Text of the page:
There is no such thing as a perfect paradise

I have been doing some thinking a little around the fact that there are both positive and negative aspects of living in a warm climate in a different part of the world.

The pros :

  • Number one. You get to have no socks. Every day. And furthermore you are allowed to walk barefoot for most part of the day. Pure bliss!
  • Tepid evenings with dinner outside followed by some chilled hang out in the outdoor lounge. Every day. Not only for that handful of moments that can be scraped together in an ordinary Swedish summer.
  • Ripe fruit always available and locally produced. Here you buy smoothies made by fresh fruit for a friction of the price that any given coffee chain back home 50 would charge for it.
  • To be outdoors for the main part of the day. Indoors is more or less just for sleeping.
  • That bathers are the wardrobe's most frequently used garments and that its set up otherwise consists only of , loose fitted, cool clothing.
  • Sun tan. yes it does work wonders for the wellbeing of the mind.
  • Our family skinny dips in the pool after sun set.

The cons…

  • The many lubrication processes you need to keep an eye on for the kids not to get sunburnt. Or get bitten by the ever present mosquitoes . Considering all the frequent pool dips this process takes up quite some space of the day.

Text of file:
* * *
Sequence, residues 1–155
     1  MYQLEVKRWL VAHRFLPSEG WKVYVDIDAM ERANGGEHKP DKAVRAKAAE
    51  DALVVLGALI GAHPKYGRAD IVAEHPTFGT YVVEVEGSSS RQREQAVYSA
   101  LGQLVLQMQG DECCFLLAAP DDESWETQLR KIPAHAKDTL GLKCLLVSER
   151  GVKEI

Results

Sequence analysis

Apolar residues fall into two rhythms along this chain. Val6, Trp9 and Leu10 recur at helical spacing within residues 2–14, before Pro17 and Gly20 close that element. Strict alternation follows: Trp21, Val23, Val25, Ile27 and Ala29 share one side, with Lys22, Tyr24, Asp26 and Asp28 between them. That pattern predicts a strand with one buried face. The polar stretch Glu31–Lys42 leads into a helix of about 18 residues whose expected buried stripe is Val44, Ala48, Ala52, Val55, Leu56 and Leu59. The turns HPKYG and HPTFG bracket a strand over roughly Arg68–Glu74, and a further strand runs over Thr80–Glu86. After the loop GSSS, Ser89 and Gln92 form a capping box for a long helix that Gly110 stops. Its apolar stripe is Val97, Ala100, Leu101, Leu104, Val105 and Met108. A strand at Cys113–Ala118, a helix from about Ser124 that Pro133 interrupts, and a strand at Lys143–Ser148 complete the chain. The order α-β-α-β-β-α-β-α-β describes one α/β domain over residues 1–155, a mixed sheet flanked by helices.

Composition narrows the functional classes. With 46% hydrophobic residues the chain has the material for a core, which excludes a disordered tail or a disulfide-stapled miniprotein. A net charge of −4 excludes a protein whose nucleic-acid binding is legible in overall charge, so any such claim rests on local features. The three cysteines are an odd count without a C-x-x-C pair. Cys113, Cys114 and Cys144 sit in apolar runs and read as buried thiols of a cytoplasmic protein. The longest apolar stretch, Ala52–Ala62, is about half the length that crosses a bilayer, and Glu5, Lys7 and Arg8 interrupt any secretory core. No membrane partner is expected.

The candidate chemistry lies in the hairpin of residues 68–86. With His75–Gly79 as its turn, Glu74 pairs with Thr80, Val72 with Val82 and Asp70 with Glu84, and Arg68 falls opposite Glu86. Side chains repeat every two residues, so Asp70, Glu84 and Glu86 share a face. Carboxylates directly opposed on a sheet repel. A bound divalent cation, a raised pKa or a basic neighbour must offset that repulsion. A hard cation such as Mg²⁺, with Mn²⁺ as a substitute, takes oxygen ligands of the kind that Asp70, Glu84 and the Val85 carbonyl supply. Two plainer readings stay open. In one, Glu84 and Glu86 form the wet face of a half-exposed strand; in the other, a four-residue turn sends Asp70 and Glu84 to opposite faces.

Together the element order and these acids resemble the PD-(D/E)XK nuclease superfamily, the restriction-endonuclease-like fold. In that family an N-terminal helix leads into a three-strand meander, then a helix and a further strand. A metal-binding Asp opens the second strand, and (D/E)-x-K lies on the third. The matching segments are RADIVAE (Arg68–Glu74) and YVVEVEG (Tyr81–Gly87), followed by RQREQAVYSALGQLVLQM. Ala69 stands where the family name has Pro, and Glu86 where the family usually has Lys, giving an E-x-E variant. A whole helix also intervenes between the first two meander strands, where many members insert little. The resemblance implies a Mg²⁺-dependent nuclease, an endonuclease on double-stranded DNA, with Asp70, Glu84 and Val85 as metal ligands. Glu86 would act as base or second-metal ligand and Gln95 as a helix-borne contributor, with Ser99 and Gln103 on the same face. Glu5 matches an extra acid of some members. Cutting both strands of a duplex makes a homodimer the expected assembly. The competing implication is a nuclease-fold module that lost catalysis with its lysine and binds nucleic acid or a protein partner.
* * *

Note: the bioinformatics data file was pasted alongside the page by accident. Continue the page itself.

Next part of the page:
• The insects and bugs. This morning at breakfast I was going to cook an egg. It turns out that the shell had been cracked, which had filled the raw egg with crawling maggots and other insects! So filthy disgusting ! . And if you leave something edible out it will just take minutes until a large mini ant colon has taken over the remains.
  • To be on constant look out so none of the kids drown in the pool . Mio manages very well in the water, but after all he is only 5 and Emil 2 can occasionally forget that he is not the slightest able to swim and just throw himself right in.
  • The lack of a hospital on the island, combined with the slightly increased risk for some a little more serious incident to happen. For example, one can worry about the potentially lethal jellyfish in the sea which seems to increase in scope (no one really knows how big their shoals are or what seasons they appear).
  • Or the probably largest risk; our scooter rides in an environment 60 moped tourists dies (on this and the two neighboring islands) EVERY MONTH. In all of Sweden 200 persons die in the overall traffic in total. Per year that is.. You can get some pretty unsettling probability calculations from that. But hey, sure, most people survive after all.
  • Then we have the mosquito-borne diseases, primarily dengue fever feels particularly unpleasant and not at all uncommon.
  • Or someone could just trip and break something . A 2 hour transport to the hospital on Samui will be a joy then. Not.

The conclusion is that there are no perfect paradise. But anyhow, it feels like the life we ​​live on Koh Tao right now somehow is more unadorned and less complicated then our more well organized ordinary life back home.

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